The acronym ‘‘et al.’’ is an abbreviation for the Latin term ‘et alia,’’ meaning ‘‘and others’’ and used in academic in-text citations when referring to a source with multiple authors. Depending on the number of authors a reference has, an APA in-text citation is abbreviated by using ‘et al.’ after the first author’s last name.
This blog is a discussion of using et al. in APA in-text citations. To give you an opportunity to practice your proofreading, we have left a few spelling, punctuation, or grammatical errors in the text. See if you can spot them! If you spot the errors correctly, you will be entitled to a 10% discount.
The acronym “et al.” is an abbreviation for the Latin term ‘‘et alia,’’ meaning ‘‘and others’’ and used in academic in-text citations when referring to a source with multiple authors. Depending on the number of the authors a reference has, an APA in-text citation is abbreviated by using “et al.” after the first author’s last name. Different citation styles adopt different rules for when to use “et al.” This blog discussed the rules for APA style. For a study with one or two authors, include the authors’ last name(s) in every citation.
Here is how this could look:
The research by Acemoglu and Robinson (2012) argues that…
… (Acemoglu & Robinson, 2012).
In APA style, for a source with three or more authors, list the first author’s last name and “et al.” for all citations, including the first citation. Note that this rule has changed from APA 6th Edition guidelines on using“et al.” which recommend listing all author names in the first citation up to five authors but then using “et al.”for the second and subsequent citations.
In October 2019, the American Psychological Association (APA) introduced the 7th edition of the APA Publication Manual, which replaces the 6th edition published in 2009. The in-intext citation for works with three or more authors is now abbreviated right from the first citation. You only include the first author’s name and “et al.”
(Mason, Robin, Parker, & Williams, 2008) (Incorrect)
(Mason et al., 2008)(Correct)
Here is how this would look for a source authored by Aneshensel, Rutter, and Lachenbruch (1991) published in 1991.
(Aneshensel et al., 1991)
Aneshensel et al. (1991) emphasized that…
Remember that there is no comma between the surname and “et al.” but a comma should be placed before the date in parentheses citation. Also, the period goes only after the “al.” even when it falls in the middle of a sentence.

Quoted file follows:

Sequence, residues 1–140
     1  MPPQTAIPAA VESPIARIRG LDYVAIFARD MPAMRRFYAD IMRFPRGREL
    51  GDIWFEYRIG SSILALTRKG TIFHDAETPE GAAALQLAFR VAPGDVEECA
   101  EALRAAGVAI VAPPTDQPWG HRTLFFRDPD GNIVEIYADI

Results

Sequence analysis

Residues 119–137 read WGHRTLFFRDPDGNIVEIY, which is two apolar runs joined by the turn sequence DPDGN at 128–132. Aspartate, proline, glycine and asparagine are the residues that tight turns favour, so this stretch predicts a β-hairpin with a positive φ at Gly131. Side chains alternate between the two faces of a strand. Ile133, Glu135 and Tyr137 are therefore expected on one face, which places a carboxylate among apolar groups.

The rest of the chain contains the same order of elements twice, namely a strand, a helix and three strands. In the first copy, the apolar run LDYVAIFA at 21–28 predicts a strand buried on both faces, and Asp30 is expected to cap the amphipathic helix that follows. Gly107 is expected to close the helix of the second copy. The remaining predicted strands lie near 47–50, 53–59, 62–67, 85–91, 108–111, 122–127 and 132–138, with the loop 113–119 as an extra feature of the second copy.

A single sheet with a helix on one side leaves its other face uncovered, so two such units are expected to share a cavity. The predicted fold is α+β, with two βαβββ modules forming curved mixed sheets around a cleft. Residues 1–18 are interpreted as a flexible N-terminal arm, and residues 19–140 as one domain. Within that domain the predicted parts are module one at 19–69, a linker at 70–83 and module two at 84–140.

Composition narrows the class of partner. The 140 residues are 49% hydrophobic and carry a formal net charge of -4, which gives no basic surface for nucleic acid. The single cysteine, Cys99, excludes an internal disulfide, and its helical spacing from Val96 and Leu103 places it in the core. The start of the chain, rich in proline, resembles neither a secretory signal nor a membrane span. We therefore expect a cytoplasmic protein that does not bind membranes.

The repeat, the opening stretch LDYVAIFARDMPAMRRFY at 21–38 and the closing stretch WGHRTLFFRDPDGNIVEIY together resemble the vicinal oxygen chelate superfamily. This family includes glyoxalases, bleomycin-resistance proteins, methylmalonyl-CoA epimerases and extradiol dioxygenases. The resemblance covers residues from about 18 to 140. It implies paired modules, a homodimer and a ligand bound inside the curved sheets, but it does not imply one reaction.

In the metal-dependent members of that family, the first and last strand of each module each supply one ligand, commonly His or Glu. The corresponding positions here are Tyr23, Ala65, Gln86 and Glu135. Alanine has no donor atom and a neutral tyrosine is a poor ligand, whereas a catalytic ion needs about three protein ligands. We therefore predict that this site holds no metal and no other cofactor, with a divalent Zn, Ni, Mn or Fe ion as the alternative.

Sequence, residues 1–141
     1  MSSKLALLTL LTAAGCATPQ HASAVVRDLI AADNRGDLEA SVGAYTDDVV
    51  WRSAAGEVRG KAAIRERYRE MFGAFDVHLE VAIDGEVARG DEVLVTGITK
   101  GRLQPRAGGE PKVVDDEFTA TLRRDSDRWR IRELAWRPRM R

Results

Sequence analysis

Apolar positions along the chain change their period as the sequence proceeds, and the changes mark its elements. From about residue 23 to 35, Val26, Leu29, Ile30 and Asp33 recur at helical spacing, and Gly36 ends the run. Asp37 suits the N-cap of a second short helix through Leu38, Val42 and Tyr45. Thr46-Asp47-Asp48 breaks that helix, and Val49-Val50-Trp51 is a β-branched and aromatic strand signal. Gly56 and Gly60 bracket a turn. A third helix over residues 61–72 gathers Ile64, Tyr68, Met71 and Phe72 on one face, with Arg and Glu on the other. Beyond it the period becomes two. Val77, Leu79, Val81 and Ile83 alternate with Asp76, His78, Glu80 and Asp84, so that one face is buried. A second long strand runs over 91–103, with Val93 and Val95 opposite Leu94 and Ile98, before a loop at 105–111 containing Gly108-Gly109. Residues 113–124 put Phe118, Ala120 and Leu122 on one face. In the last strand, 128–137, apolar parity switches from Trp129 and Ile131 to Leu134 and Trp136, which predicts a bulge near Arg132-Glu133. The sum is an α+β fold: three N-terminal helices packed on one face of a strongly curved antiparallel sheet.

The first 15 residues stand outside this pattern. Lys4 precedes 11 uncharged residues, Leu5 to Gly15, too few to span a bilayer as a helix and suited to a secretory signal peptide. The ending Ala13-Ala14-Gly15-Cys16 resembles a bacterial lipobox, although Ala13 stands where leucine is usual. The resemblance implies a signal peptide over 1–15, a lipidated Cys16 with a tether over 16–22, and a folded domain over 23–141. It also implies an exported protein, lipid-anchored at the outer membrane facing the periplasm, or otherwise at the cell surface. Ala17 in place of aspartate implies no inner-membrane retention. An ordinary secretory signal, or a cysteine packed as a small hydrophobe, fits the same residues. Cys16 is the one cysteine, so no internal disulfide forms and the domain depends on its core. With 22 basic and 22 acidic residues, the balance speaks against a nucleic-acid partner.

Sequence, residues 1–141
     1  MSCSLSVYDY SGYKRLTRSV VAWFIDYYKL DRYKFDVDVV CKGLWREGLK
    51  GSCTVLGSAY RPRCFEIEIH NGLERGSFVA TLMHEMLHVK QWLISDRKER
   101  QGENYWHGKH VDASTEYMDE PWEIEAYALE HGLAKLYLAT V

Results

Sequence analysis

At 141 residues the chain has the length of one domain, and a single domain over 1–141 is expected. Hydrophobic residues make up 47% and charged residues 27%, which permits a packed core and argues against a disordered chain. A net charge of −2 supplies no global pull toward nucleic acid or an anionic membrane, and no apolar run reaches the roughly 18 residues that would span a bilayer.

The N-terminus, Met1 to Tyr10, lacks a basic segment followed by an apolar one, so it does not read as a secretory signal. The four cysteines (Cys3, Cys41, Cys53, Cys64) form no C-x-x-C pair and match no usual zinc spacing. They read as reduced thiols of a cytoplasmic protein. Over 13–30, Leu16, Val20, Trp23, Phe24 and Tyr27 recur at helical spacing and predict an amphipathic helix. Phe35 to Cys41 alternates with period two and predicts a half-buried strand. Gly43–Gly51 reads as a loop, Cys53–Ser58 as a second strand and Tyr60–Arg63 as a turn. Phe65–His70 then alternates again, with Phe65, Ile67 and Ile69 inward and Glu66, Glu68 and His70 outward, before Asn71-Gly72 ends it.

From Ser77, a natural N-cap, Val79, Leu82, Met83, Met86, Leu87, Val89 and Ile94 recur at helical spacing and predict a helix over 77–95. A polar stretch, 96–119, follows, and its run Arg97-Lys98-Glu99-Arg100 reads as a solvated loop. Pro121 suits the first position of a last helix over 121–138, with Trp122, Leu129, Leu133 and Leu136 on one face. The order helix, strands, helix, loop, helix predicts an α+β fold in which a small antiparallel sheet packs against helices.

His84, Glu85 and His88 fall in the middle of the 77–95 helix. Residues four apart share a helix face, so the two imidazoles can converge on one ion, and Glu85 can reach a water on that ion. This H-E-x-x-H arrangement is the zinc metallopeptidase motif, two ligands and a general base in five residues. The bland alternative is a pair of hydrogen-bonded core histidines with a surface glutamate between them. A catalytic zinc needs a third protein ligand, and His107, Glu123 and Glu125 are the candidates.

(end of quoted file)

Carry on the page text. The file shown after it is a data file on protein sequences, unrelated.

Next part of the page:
There are several common mistakes to watch out when using “et al.” in APA. The “al” in “et al.” is always followed by a period, as the term is an abbreviation of the Latin phrase “et alia” et alia,’’ meaning ‘’and others.’’ In this context, the period shows that it is an abbreviation. Thus, the following forms are not correct: ‘‘et al’’, ‘‘et. al’’, ‘‘et. al.’’
The proper use of the abbreviation is ‘‘et al.’’ Also, “et al.” can be directly followed by another punctuation where necessary. However, the period always comes first: (Aneshensel et al., 2013).
When “et al.” is used right at the end of a sentence, only one period is used:
This approach is discussed by Aneshensel et al.
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For more information about the citation styles and APA style, read the following articles:
How to Format DOI in APA Style (APA 7th Edition Update)
How to Use ‘‘et al.’’ in APA Style (7th Edition)
8 Most Common Citation Styles
Most Common Citation Styles: APA | Chicago | MLA
A Complete Guide to MLA In-Text Citations
Citation Styles | Which Citation Style Should I Use?
APA Style: In-Text Citation | Reference List Entry
Publishing Articles in Peer-Reviewed Journals: A Comprehensive Guide
Peer-Reviewed Journals: Definition | Criticism | Importance
Most Important Language Rules to Improve Your Academic Writing
5 Effective Strategies for Successful Editing and Proofreading
6 Tips for Writing Better Assignments
The American Psychological Association (APA) format is the most common style used to cite sources within the social sciences. This handout will give you a brief guide on the Publication Manual of the APA. For more information, please consult the Publication Manual of the American Psychological Association (7th Edition).Continue Reading
There are many different citation styles that depend on the academic discipline involved. Some of the most common citation styles are American Psychological Association (APA), Modern Language Association (MLA), and Chicago/Turabian style. APA citation style is used by education, psychology, and social sciences, MLA style is used by the humanities, while Chicago/Turabian style is generally used by business, history, and the fine arts. You will need to check with your manual to determine what is required in your specific area.Continue Reading
The term ‘‘et al.’’ is the abbreviated form of the Latin term ‘‘et alia,’’ which means ‘‘and others.’’ It is used in academic in-text citations when referring to a source with multiple authors. In APA style, for a source with three or more authors, list the first author’s last name and “et al.” for all citations, including the first citation.Continue Reading